Confession: I've read way too many dating books over the course of my adult life, seemingly compelled by some masochistic need to find out what people think makes for an attractive partner.
Even worse, a few summers ago, when I discovered Booksfree, I was able to quietly indulge my obsession with comparing and contrasting books like never before. As such, I've read books aimed at men and books aimed at women, and while most books aimed at men seek to boost male self-esteem, books aim at women tend to tear it down. I began to wonder - is there a life hack for dating? Is there one common equation that would stand up across all dating books which would led to true love? While I did find a formula, it wasn't about dating - it was how to sell dating books using gender stereotypes: generally speaking, most of them convey three things:
You Don't Have a Man Because You're Fat and Ugly
The terms fat and ugly seem to be used as synonyms in these books, reinforcing the idea that big cannot be beautiful. With the exception of He's Just Not That Into You (which should have been subtitled: We're Going to Repeat This Until You're Hypnotized), most of these books begin by informing us that we aren't good enough as we are. But don't worry! They have a cure.
Ellen Fein and Sherrie Schneider of the All the Rules are the first up to bat. They let you know from the jump that before you find a man, you need to work on you. While the idea of self-improvement sounds good in theory, it becomes clear that they really mean they want us to get a makeover. Asking questions like "Men like women who wear fashionable, sexy clothes in bright colors. Why not please them?" presents the theme for many a guide - men like shiny and pretty. So if we can't catch a man, it's because we aren't fashionable/sexy/cute enough. Other ways to make sure you look your best? They recommend wearing lipstick while jogging.
Patti Stanger of Bravo's Millionaire Matchmaker gets in on the action in her book Becoming Your Own Matchmaker: Eight Steps to Attracting Your Perfect Mate. She takes the cease and desist fatness edict farther, running with:
"Jenna is a perfect example of a woman mired in bitterness. She's about twenty pounds overweight and refuses to change her eating habits. "Most men are pigs, because they only focus on the physical. I'm looking for an enlightened guy who will love me for me and doesn't care about what kind of shape I'm in. Until I find him, the rest can go to hell," she says. Guess what? She's never going to find him. He doesn't exist. And even if he did, he would be thrown off by her me-against-the-world attitude."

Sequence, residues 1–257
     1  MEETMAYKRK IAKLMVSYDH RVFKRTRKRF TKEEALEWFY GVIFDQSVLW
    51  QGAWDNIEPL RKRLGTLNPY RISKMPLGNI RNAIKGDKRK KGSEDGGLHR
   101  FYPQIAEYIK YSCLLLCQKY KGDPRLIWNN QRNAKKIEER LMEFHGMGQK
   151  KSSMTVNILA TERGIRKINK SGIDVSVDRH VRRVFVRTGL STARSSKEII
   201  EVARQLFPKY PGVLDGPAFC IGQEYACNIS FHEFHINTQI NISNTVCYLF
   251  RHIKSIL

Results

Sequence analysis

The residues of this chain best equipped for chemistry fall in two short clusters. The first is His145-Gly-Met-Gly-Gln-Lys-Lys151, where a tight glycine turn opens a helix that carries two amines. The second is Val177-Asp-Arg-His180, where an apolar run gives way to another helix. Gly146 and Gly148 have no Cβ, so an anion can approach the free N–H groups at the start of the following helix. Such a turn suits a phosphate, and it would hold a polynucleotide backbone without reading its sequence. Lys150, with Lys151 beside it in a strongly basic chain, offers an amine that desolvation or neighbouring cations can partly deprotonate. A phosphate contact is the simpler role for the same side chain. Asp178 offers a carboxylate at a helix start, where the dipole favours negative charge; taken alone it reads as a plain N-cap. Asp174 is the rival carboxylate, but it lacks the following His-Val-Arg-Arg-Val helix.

"With men, it's all about the packaging – one look is all it takes for them to decide if you're a keeper or if you should be tossed back. This might be crude, but they're measuring your "fuckability factor." […] No matter how beautiful you are on the inside, if the outside doesn't reflect it, you're going to spend the rest of your days alone." (p. 51)
Men are shallow fuckers. Deal with it ladies! The right answer here is NOT to find a guy that loves you for who you are, but to raise your "fuckability factor" to attract the ones who will dump you if you gain five pounds. Nice!
However, unlike the women of the Rules, Stanger suggests there is hope for us poor fatties (which, in dating guide parlance means anyone with any visible fat whatsoever):
"I'd suggest moving to another city where the numbers are still in your favor, and where they're more forgiving of physical imperfection.. A woman who is fifteen pounds overweight can throw on the sweats, put on some blush, and she'll be considered ravishing in Chicago. She'll have a date every night in Minneapolis or Seattle, but she'll sit home alone for months in LA."
Fat girls, flee to other locales, where the men are less picky. I'm surprised they didn't bring up Alaska as a sure thing. She also spends a few moments on the virtures of shapewear, implying that if you can't make it, fake it. Ladies, this is a war, and Spanx is our camo. Use it until those lipglossed jogging sessions pay off.
You Don't Have a Man Because You Want a Career
Many books also admonish us for daring to go to work - we have the nerve to be confident and accomplished, and men are not going for that, not one little bit. Did we really think men would like a woman who can pay for her own things? Pssh...ournaïveté is showing . Rachel Greenwald, author of Why He Didn't Call You Back: 1,000 Guys Reveal What They Really Thought About You After Your Date sums up the issue in one line: